The CyberPulse collected the opinions of the representatives from different stakeholder groups in Russia and CIS countries on the problems, which were left unsolved by IANA Stewardship Transition, and on the engagement of the regional stakeholders in the process.
Though it is assumed that IANA Stewardship Transition excludes the US government from the business processes of management of the Internet’s unique identifiers, certain reservations should be made. The PIR Center consultant Oleg Demidov highlights this topic in his article “The Steward is dead: All hail the Steward!”: “No matter if NTIA is now out of the business process of the DNS root zone management – the US government still has the legislative leverage to control it if necessary according to the new draft Root Zone Maintainer Service Agreement between ICANN and Verisign”.
Aside from some technical specifics there is a list of legal issues linked to IANA Stewardship Transition, which is in focus of Madina Kassenova’s article. Professor Kassenova, Chair of Private International Law at the Diplomatic Academy, points out the following: “Contractual relations with regard to IANA functions are still in place. It is debatable whether the legal nature of ICANN remains the same. On one hand its principal role will not change, as it still will be the parent company for the future PTI (Public Technical Identifiers). Moreover, the formal ties between the US government and ICANN basically will continue to exist account of the Affirmation of Commitments of 2009. On the other hand, as long as IANA functions are implemented on contractual basis, the contractual relations’ configuration transforms only to become more tangled. This, in turn, changes the scope of ICANN competence with regard to the unique identifiers management”.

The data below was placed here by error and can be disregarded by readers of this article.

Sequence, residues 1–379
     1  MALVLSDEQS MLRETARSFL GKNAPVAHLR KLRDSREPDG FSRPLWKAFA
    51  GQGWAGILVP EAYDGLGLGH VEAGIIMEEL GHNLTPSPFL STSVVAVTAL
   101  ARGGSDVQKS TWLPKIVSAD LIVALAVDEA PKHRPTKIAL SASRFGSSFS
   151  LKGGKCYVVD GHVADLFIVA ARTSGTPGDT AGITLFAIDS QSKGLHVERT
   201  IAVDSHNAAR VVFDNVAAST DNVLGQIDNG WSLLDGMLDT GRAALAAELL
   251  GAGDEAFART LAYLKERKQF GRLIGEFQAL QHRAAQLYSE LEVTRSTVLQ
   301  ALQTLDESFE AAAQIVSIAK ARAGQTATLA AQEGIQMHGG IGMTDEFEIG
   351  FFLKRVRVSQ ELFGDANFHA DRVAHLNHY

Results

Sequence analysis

Alongside with IANA Stewardship Transition one could witness the ICANN Accountability Process. Tatiana Tropina, senior researcher at the Max Planck Institute for Foreign and International Criminal Law, highlights its importance: “No one wants the result of IANA Stewardship Transition to be a nontransparent organization with a huge budget and full decision making power, but without any accountability mechanisms. It was essential to frame those mechanisms while preserving the multistakeholder model that is used by ICANN. In fact, the formulating of the accountability mechanisms was held in accordance to the principles of multistakeholder approach. The CCWG-Accountability Working Group has been collecting all the propositions for ICANN Accountability reorganization since its creation in 2014”. Read more on this topic on the PIR Center website.
The new issue of the CyberPulse is available at the PIR Center website (in Russian).
Subscription to the CyberPulse e-journal and the archive of previous issues are also available online.